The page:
Blog: Latino Ed Beat

Nevada High School Students Meet a ‘Latino Cohort’ to Follow

Latino students who attend Western Nevada College are visiting schools to promote the benefits of higher education, presenting themselves as role models for students they hope to see follow in their footsteps.

“The younger students look up to the students from the college. They get inspired when they listen to their testimonials. They definitely listen to the message, and it gives them hope to see Latino students succeed in college,” Lupe Ramirez, coordinator of the college’s Latino Outreach, said in an article published Sunday in the Nevada Appeal. 

Ramirez told the news outlet the college students — a group known as Latino Cohort — are making a positive difference in the community. “They are getting something good out of their education, and they want to pass it along to other kids that haven’t heard about college. The students enjoy the opportunity to talk about their college experiences and hope that other students follow their footsteps.”

The Cohort was established at the college in 2010 to promote enrollment, course completion, and degree attainment among Latino students. It’s tailored to first-generation Latino students with a goal of helping them overcome potential barriers — cultural and other — to attain an associate degree and be prepared to continue their education at a four-year school or move into the workforce.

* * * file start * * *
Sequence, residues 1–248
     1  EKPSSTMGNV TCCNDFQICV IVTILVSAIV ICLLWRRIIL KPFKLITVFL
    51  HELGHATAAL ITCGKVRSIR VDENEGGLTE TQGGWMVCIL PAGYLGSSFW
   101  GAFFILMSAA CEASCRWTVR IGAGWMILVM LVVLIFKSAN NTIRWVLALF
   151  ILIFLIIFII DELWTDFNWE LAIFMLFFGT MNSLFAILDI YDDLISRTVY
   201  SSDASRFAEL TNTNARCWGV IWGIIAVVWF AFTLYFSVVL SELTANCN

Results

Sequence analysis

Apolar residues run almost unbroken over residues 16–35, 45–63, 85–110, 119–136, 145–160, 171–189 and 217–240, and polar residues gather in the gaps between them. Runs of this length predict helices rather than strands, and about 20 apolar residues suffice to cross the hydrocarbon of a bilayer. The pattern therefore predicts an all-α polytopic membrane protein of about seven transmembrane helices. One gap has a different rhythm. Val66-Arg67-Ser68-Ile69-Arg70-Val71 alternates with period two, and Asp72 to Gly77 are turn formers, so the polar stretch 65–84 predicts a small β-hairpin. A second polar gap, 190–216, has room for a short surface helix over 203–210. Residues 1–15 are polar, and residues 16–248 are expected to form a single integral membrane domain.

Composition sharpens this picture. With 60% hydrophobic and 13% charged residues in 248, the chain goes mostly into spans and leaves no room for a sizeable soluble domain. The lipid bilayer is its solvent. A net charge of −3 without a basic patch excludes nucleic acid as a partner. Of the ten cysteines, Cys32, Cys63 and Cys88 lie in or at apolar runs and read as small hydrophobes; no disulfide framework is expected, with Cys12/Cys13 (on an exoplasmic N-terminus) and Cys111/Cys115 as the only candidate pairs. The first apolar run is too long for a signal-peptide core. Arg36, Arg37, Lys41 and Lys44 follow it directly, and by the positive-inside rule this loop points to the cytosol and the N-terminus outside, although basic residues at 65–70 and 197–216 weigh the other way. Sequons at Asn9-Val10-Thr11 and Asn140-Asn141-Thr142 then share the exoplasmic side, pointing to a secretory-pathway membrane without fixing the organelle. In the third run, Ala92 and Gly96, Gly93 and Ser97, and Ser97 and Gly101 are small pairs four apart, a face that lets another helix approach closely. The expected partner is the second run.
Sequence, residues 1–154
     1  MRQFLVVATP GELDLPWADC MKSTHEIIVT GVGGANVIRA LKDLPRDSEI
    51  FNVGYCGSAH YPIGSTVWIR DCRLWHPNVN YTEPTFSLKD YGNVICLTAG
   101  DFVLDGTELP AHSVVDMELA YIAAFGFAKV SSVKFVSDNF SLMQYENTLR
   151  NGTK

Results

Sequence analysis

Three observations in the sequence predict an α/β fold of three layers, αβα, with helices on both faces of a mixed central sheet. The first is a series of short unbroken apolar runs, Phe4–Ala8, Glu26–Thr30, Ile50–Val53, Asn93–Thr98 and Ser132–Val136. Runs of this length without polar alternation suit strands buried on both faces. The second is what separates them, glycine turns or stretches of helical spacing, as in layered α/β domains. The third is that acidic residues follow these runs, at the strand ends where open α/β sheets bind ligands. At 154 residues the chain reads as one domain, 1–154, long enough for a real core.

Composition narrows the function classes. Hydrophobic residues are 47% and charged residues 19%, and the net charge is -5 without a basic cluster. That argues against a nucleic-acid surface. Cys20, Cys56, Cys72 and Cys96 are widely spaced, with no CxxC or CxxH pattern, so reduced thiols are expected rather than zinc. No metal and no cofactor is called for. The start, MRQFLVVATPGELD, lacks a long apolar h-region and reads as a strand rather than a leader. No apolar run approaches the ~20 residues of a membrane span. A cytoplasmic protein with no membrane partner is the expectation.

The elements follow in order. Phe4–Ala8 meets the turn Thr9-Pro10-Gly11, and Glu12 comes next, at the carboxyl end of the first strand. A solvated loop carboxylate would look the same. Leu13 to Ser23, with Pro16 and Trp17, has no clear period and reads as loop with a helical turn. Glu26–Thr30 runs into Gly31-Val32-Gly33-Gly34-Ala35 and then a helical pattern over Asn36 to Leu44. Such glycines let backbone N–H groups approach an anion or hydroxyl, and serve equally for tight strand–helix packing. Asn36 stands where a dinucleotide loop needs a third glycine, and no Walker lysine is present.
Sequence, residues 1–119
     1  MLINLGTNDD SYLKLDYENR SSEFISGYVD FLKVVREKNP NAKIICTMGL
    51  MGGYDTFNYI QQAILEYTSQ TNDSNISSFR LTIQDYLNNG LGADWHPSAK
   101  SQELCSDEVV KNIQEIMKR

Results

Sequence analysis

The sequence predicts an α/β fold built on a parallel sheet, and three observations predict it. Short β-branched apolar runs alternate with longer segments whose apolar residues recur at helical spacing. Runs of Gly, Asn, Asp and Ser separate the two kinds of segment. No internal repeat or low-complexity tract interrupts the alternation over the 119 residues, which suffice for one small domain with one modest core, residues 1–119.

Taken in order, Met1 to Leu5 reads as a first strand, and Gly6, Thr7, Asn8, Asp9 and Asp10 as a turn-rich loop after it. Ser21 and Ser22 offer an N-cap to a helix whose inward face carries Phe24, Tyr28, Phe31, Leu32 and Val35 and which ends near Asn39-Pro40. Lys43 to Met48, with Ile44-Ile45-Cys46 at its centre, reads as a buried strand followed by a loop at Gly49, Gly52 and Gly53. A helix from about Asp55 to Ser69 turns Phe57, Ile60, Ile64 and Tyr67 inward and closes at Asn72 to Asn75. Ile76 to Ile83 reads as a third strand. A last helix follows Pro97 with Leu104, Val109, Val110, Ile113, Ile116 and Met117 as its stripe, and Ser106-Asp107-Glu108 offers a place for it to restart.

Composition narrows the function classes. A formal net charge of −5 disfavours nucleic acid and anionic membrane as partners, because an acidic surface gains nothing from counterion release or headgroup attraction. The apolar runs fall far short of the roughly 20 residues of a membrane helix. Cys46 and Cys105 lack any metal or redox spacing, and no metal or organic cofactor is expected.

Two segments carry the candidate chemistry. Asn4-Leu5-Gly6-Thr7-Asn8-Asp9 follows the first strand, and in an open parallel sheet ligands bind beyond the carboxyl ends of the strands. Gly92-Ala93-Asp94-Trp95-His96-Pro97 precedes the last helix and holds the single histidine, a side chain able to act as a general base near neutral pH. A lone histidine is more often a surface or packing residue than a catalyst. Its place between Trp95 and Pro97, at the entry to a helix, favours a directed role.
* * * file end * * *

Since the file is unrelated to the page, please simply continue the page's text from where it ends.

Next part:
The program is introduced to high school seniors during the college’s “Bridge to Success” outreach program, according to WNC’s website. The students who apply to the program have the opportunity to be part of “Summer Bridge,” an intensive, eight-week summer session where they complete any developmental English classes they may need, and a 3-credit class on college success. For most Cohort students, English is not their first language.

In Nevada, 19.6 percent of public school students — more than 84,000 — were enrolled in programs for English language learners in 2011-12, the most recent figures provided by the U.S. Census Bureau. In Carson City, home to WNC’s main campus, 21.3 percent of the population is Hispanic or Latino. 

Latino Cohort students are significantly outpacing the average college student in semester-to-semester course completion rates — 94 percent compared to 64 percent, the website states. The group also boasts a much higher graduation rate of 52 percent, compared to the average community college completion rate of 22 percent.

The group also does outreach to parents. Speaking recently at an elementary school, Latino Cohort member Maria Diaz told parents not to worry about their children being isolated because of language barriers. 

“We let the parents know not to be afraid to let the students come here because I know most of them don’t speak English, and they feel that coming to college, they don’t have anyone to talk to and there is a language barrier,” Diaz said. “Knowing that there is the Latino Cohort program (that) has bilingual staff, the parents actually feel comfortable coming to the campus.”